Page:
Choir-Sung Commercial Jingles. During The Seventies and The Eighties, it was very common for commercial jingles to be sung by a choir of (usually middle or senior aged) men and women. This quickly changed once the MTV Generation came of age and the corresponding network began to seriously influence grownup advertising (it was already influencing children's advertising since about the late 1980s). Before long, choir-sung jingles were perceived as outdated and un-hip. Today, while such jingles are occasionally used in local business advertisements, most mainstream ones are performed by professional rock or pop musicians rather than choirs. On those rare occasions when you'll hear a choral tune in mass-market advertising, it will be done sarcastically.
Cigarette ads. They were banned in 1970.
Early on, television shows would have the ads contiguous with the show ("This portion of [name of show] brought to you by [product]", read by The Announcer). This format was especially common on Game Shows, which would often have the name of the product displayed somewhere on-set to boot. Over time, commercials took on the format that they have now.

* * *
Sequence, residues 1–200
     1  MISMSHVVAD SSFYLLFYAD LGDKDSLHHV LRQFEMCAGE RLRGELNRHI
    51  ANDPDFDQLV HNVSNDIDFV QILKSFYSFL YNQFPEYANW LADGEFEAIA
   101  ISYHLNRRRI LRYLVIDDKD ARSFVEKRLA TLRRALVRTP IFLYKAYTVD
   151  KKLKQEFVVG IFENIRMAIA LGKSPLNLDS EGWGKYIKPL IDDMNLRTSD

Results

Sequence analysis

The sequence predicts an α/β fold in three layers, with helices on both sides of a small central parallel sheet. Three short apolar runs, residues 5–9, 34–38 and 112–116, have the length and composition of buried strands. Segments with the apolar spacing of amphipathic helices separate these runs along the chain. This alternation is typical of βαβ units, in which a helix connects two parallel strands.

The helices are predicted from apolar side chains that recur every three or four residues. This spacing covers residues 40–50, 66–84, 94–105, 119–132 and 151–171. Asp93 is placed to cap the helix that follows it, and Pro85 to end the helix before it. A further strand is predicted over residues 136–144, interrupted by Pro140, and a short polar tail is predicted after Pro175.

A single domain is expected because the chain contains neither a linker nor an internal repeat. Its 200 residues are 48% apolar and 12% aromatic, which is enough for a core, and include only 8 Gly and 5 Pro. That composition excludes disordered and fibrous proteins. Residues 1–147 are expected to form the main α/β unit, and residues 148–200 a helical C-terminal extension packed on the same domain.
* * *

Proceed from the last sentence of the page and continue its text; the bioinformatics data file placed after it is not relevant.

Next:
Advertisements for home appliances, such as dishwashers and vacuum cleaners, fell by the wayside during the late-90's. This could probably be attributed to the internet making product reviews much more accessible. Meaning potential appliance buyers can now simply go on the internet and look up professional/customer reviews for whatever appliances they are planning to buy rather than relying on television advertisements. If a home appliance is advertised, it will usually just be through an infomercial.
Another possible reason for this is that home appliances were generally marketed towards housewives and stay-at-home mothers during daytime television. Today, with more women going into the workplace, this market has significantly diminished.